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The British press arrives in Alberta’s oilsands — armed with ignorance and fake news

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David Frum, the Canadian-born American journalist, once outed The Economist magazine as mostly written by unnamed freelancers who, in the style common to the British-based weekly, used an authoritative tone to persuade readers that its writers know more than they actually do. It was a devastating, but fair observation.

An example of Frum’s assessment — and why it matters — was on full display in a recent edition that slammed Canada’s energy sector. The Economist, in so doing, offered its readers misleading analysis. Its mistakes are relevant — and correcting them important — because the magazine’s readership includes people in elected and corporate head offices around the world.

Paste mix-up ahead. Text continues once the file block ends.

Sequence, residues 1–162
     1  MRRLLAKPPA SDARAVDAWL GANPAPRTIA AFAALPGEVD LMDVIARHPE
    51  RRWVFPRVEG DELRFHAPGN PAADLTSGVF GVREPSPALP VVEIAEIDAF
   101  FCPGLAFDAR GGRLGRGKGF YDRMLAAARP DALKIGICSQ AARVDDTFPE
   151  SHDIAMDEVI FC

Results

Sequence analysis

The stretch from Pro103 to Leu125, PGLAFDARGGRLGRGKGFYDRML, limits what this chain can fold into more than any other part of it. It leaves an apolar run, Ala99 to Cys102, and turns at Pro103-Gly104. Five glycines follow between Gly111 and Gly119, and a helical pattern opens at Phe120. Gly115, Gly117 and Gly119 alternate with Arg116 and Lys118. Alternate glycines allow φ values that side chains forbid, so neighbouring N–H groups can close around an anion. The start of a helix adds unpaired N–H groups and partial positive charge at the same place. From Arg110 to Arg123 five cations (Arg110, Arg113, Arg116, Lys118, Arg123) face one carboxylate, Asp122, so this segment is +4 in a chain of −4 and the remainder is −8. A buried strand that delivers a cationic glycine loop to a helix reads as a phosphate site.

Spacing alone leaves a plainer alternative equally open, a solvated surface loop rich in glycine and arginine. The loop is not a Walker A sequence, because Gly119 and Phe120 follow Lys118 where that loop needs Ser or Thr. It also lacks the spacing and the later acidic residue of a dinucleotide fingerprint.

So where did The Economist get it wrong? Let’s start with how in its December attack on energy extraction in Canada (“Justin Trudeau’s climate plans are stuck in Alberta’s tar sands”), the magazine claimed Alberta Premier Rachel Notley is “demanding that the federal government speed up construction of a new pipeline to the west coast.” This was in reference to the proposed expansion of the Trans Mountain pipeline.

But of course, Trans Mountain is hardly “new.” It was started in 1951 and was completed in 30 months, by October 1953. Today’s proposed project is an expansion — a twinning of its existing pipeline to triple capacity.

The Economist was........

© Financial Post